Controls and Menu Tree
The menu is currently described by the tree below. Each movement vertically is controlled by a button push; horizontal is controlled by turning the rotary encoder knob.
Remote Data View/Display
As we detailed previously, the data is sent out on RF in json format, which our gateway RF Mote picks up and passes on to our gateway, a raspberry pi. The serial handler, which you can see here, handles a few different types of messages and puts them where they belong as inputs in our databases.
So magically, we open up our gateway and take a look and see our mote shows up on our motes table (this happens with no configuration required):
We add an interface from the UI for the mote, which has a NODEID of 15 (as you can see from the entry above). What this does is tell the updateio script that if there is a mote present in the motes table with a NODEID of 15, to insert it into our Inputs table.
And, as promised, our Mote temperature value shows up as an input:
We can edit it to give it a friendly name by expanding the entry and editing, which goes into a metadata table called ioinfo.
We don’t have a direct UI edit page for the ioinfo table yet, but it’s on the way. In the meantime, we edit it using phpliteadmin, and also add to the options field the specification “formula:1.8*x+32”. This keyword will tell our IO updater to parse the input using the formula above (in python’s interpreter). In this case, we take the value in Celsius reported by the temperature controller and translate it to Fahrenheit for the UI. Easy peasy. Now let’s take a look at our data accumulating in our Dataviewer (this is some time later, temperature spikes from handling the temperature sensor):
Set up alerts
Just for fun, let’s set up an alert so that when the temperature gets above or below a couple setpoints, we get an email alert. The current actions/notifications/indicators system is set up to handle arithmetic comparisons on Channel values. A Channel is the basic control structure for our CuPID Controller. It has an input, positive and negative feedback outputs, logging preferences, and an assortment of other control parameters. Although it’s only currently set up for simple on/off control (with deadband and delay), we’ve built in provisions for multiple feedback modes. It’s what we use for our reflow oven: set a TC input, set a GPIO output to a relay module, plug in a recipe, and it will control an action. If you don’t set any outputs (or disable them), it just acts as a data container, which in this case will allow us to set up alerts. In the future, it will allow remote setpoint and control parameter commands to be entered from the web UI (see Next Time below).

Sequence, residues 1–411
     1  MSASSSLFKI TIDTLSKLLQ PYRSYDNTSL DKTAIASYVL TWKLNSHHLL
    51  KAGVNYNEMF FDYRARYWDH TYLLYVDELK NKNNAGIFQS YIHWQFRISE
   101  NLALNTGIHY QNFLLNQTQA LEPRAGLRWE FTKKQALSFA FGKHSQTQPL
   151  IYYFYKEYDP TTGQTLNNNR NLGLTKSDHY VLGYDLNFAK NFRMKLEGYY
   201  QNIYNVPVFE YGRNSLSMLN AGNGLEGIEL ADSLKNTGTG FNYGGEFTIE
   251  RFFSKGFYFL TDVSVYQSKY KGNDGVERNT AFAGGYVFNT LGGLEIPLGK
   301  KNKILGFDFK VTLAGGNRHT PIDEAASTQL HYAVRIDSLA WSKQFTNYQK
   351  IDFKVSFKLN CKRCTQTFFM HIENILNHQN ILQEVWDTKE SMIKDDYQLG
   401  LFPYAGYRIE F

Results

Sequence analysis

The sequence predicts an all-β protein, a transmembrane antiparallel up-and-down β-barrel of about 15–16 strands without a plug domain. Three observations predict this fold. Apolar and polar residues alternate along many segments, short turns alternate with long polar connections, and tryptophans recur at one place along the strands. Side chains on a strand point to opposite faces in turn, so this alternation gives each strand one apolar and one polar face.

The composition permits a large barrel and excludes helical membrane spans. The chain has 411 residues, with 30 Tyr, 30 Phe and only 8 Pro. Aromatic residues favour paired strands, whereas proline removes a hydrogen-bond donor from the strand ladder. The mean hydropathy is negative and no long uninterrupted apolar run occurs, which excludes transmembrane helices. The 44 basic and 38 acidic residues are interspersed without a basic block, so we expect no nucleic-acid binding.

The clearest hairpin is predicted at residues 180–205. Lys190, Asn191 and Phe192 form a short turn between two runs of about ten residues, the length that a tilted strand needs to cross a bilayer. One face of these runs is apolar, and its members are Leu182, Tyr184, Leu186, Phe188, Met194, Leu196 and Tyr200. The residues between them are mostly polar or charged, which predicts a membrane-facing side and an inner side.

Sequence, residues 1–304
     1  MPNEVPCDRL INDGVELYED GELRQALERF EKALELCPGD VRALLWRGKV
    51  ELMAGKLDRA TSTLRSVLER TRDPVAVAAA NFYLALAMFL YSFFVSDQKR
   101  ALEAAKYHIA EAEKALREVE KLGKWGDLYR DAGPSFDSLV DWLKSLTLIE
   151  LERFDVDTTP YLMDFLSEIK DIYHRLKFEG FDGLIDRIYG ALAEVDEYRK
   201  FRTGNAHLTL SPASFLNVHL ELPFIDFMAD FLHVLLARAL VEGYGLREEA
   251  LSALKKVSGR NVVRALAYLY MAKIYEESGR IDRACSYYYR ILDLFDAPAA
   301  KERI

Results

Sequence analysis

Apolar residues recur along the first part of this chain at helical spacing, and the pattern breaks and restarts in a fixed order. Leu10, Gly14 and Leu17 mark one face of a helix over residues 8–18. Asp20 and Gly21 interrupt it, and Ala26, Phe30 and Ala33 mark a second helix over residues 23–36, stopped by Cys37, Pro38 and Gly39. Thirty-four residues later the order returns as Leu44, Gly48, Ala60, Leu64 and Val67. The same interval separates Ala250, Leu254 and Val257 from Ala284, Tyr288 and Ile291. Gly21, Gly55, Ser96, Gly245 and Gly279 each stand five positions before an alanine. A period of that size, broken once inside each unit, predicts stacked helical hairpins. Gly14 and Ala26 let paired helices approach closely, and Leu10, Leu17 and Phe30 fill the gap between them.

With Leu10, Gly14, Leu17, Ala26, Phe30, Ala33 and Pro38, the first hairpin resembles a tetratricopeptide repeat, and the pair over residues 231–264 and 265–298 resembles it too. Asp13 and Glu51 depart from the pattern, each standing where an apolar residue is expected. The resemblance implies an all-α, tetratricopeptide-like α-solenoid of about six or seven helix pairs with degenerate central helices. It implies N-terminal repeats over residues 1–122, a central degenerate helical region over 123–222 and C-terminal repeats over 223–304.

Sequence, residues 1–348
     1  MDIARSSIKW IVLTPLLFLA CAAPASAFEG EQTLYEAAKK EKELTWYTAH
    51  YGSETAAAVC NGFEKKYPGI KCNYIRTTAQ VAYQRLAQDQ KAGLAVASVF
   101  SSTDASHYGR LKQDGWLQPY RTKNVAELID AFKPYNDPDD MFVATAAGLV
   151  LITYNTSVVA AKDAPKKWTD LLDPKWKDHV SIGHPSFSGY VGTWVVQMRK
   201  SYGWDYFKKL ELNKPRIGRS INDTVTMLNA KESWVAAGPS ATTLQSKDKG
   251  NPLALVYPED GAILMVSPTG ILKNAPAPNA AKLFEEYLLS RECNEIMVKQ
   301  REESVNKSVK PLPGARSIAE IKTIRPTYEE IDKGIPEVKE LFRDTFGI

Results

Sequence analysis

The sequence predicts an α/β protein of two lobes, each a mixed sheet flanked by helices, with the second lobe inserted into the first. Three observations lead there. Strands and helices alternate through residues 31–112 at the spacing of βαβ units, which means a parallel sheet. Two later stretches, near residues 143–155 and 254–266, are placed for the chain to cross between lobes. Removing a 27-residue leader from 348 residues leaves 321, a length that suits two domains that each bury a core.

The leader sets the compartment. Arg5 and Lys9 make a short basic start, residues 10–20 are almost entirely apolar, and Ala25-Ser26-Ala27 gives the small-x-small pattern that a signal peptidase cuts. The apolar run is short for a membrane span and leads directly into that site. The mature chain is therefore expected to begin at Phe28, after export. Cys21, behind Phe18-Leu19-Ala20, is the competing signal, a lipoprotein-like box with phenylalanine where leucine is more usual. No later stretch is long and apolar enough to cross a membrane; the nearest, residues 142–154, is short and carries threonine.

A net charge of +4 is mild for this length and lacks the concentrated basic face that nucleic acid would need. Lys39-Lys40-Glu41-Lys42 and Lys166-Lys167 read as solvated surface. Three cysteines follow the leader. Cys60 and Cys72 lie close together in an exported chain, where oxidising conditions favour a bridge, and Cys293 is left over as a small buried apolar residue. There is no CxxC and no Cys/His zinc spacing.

So let’s add one:
Then we specify that our Mote is the control input, and we’re done:
Next we create two alerts. One for Too Hot, and one for Too Cold. We could do other things like trigger on channel outputs active, which would take into account whatever control algorithm we’re using, or a boolean compare for if a channel is enabled (in case somebody accidentally disables it), or really do comparison on any value in the channels table (and eventually ANY table in the database).
For now, we configure the Actions, one will be less than, one greater than, both using the Control Value of Channel 1 (which we set above to be the reported Mote Temperature). There are a ton of other parameters you can set here, which are actually detailed in the Parameters expandable table item. Lots of flexibility.
To test our alert, we set the Too Cold Alert to have a temperature of 70, meaning that we should get an email if it drops below 70 for the specified OnDelay time. Sure enough, I get an email:
And after we change the temperature target back to a more reasonable 60F, we get an email letting us know our Alert has turned off. This email, called “Active Reset”, is optional.
Remote setpoint by Web GUI:
We already have all the tools necessary to enable control from our gateway. We can send commands over RF in the same format we used above, and with this we can change setpoint, control parameters, you name it. Next time, we’ll add in the control library infrastructure to send remote commands in an object-oriented fashion. We’ll need to do some thinking about data concurrency and race conditions, especially considering we don’t have an RTC on our thermostat.
Finally, we’ll add some shiny widgets to our UI to control all of it. That will be the easy part.
Alert on All the Things
As shown above, we have only partially fleshed out the Actions feature. We need to be able to alert on everything. Why not? We also want to be able to add more complex logic. Like … if one of five rooms is cold, turn on the heat. This will likely entail creating some auxiliary variables. We’ll have a think on that.
The above makes use of the open source libraries available on github, including sketches, python and all web libraries:
Explanation and installation here: